Interesting. Not only use the company's computers for private browsing but store personal data on them as well. How difficult would it be to store your private stuff on a thumb drive?
Larry Page of Davis LLP discusses a case in which an employee was fired for cause for snooping/improper accessing of a file:
In a recent decision of the British Columbia Supreme Court, the Court upheld the termination for cause of a help desk analyst in the IT department who had been employed for over 20 years at Coast Capital Savings Credit Union. (Steel v. Coast Capital Savings Credit Union, 2013 BCSC 527)
Employees at Coast were permitted to have a personal folder in which they would keep confidential business documents. Under the privacy policy at Coast, the files in the personal folder could only be read or edited by the employee who had the folder. Help desk employees were allowed to access personal folders but could only do so to resolve a technical problem and only if the employee who had the personal folder first gave permission to the help desk to access the folder.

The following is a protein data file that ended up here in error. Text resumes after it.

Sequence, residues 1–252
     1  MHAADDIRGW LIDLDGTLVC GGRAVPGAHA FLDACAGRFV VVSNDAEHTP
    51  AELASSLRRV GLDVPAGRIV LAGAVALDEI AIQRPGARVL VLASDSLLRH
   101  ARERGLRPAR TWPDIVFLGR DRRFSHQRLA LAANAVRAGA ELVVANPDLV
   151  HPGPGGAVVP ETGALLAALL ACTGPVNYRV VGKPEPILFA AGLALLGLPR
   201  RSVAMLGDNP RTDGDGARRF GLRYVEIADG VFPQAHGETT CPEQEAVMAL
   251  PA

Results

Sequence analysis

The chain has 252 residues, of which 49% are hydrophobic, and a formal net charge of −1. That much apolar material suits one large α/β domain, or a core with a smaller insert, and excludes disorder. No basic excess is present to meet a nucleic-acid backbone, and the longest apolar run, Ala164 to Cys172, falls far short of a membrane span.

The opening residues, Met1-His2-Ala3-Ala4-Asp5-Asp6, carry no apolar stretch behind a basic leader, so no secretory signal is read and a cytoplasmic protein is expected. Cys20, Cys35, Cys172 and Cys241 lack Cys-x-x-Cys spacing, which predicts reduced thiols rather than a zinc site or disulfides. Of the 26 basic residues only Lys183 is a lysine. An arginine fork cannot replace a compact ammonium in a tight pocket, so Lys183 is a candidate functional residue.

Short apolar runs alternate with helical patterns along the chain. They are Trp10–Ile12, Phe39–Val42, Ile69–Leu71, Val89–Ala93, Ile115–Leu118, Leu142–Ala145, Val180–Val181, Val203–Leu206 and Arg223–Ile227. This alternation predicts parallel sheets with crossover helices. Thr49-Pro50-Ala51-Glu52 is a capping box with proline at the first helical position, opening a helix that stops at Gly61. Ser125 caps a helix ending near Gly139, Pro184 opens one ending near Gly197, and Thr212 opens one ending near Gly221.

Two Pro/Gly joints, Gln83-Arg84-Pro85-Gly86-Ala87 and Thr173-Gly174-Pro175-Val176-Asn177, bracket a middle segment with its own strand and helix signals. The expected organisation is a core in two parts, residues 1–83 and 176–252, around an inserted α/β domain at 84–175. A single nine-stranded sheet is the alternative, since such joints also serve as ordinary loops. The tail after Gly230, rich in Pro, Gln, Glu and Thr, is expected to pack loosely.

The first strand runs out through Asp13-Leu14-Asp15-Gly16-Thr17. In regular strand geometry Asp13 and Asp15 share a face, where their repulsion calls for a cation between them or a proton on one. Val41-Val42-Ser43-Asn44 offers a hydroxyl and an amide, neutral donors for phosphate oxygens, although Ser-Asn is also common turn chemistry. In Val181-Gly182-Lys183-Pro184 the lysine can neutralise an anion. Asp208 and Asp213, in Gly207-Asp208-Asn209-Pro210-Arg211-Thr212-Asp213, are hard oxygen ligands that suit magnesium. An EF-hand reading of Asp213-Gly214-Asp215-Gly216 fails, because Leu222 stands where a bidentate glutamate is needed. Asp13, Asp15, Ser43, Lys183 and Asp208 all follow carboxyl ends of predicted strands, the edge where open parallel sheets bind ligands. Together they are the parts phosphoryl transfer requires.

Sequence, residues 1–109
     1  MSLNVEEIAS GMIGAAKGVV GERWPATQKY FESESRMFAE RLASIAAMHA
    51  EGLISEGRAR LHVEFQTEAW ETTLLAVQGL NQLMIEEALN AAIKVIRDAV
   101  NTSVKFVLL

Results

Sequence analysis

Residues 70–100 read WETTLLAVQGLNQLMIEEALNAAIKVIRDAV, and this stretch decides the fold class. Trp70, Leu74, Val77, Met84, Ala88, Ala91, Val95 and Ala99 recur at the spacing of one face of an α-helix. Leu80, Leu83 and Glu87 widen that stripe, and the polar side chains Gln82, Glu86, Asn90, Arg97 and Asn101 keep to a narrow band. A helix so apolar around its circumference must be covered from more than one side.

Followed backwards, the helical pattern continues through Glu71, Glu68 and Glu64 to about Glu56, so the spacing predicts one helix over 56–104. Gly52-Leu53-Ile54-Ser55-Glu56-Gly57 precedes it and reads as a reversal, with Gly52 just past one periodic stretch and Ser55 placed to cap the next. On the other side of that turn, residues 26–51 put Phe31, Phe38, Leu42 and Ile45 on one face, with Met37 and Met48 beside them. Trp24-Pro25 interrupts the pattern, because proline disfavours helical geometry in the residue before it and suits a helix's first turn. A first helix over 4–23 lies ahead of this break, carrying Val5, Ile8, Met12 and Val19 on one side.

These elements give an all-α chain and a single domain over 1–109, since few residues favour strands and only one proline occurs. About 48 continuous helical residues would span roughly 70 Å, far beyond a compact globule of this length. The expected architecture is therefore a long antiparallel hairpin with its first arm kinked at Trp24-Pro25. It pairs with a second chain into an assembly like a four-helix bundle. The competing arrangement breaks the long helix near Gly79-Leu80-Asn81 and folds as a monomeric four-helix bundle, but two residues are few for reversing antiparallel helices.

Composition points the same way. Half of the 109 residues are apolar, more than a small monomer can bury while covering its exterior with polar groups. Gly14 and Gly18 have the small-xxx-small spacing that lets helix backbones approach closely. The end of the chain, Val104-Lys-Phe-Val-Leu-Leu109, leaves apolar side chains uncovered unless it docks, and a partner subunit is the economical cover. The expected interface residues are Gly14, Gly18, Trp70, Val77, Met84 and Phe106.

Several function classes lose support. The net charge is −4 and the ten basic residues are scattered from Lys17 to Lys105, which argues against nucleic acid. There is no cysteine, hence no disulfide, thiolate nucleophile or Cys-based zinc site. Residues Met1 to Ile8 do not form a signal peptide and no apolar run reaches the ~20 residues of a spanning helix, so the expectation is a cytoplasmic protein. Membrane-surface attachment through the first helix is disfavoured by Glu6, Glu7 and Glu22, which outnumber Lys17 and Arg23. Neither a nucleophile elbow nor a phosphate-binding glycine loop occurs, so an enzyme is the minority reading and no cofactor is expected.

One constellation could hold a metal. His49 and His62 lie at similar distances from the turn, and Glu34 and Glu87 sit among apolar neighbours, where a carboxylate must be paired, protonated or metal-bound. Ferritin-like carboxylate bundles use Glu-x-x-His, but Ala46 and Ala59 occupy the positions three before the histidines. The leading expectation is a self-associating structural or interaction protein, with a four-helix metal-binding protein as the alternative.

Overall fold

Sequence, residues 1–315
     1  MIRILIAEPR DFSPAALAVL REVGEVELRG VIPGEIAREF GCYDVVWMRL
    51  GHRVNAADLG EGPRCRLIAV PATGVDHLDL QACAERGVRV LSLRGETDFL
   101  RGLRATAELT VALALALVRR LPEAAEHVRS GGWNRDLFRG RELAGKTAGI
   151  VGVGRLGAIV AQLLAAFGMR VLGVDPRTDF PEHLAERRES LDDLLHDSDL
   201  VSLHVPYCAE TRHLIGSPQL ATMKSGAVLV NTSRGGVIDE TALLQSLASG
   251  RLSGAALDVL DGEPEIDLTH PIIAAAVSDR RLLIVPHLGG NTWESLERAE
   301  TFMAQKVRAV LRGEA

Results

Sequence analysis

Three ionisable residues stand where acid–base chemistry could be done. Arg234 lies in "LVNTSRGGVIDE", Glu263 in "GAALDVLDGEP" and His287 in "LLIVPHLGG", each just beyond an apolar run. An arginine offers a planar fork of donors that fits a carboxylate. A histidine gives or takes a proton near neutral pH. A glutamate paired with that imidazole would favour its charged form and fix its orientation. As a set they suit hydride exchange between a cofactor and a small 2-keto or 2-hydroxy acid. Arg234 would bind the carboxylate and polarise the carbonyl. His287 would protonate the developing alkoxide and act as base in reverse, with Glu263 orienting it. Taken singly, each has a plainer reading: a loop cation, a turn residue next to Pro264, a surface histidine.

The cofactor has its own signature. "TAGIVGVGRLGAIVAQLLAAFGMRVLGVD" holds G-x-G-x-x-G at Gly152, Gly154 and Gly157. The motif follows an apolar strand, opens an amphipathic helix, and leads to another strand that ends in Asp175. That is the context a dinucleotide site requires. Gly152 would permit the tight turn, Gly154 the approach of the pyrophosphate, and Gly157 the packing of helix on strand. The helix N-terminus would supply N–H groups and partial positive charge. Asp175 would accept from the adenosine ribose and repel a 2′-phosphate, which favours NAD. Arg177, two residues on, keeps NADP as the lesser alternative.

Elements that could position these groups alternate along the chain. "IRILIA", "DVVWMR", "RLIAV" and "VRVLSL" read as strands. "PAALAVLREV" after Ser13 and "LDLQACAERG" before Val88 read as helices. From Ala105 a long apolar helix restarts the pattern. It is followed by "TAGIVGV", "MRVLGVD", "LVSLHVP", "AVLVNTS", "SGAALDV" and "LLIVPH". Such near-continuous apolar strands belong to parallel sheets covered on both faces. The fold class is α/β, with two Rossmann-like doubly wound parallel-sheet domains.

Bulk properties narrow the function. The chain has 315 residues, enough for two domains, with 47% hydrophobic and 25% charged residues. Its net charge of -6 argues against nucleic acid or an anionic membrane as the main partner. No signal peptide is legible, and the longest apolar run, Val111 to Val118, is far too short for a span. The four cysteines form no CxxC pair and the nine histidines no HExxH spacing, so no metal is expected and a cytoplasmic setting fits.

Read more about the case on Mondaq.

What, you thought Texas had a sense of humor?
… In the state of Texas, a 19-year-old man named Justin Carter sits in prison, ruthlessly stripped of his freedom for making an offensive joke. After a Facebook friend with whom he played video games described him as “crazy” and “messed up in the head,” Carter replied — sarcastically, one imagines — “Oh yeah, I’m real messed up in the head, I’m going to go shoot up a school full of kids and eat their still, beating hearts.” He added “lol” and “jk” for good measure. For this he was arrested by Austin police, charged with making a “terroristic threat,” and thrown into prison. He may languish there until the start of the next decade.

So the settlement was, “Fix it and try not to do it again?” Wow, harsh!
Following a public comment period, the Federal Trade Commission has approved a final order settling charges that HTC America Inc. failed to take reasonable steps to secure the software it developed for its smartphones and tablet computers, introducing security flaws that placed sensitive information about millions of consumers at risk.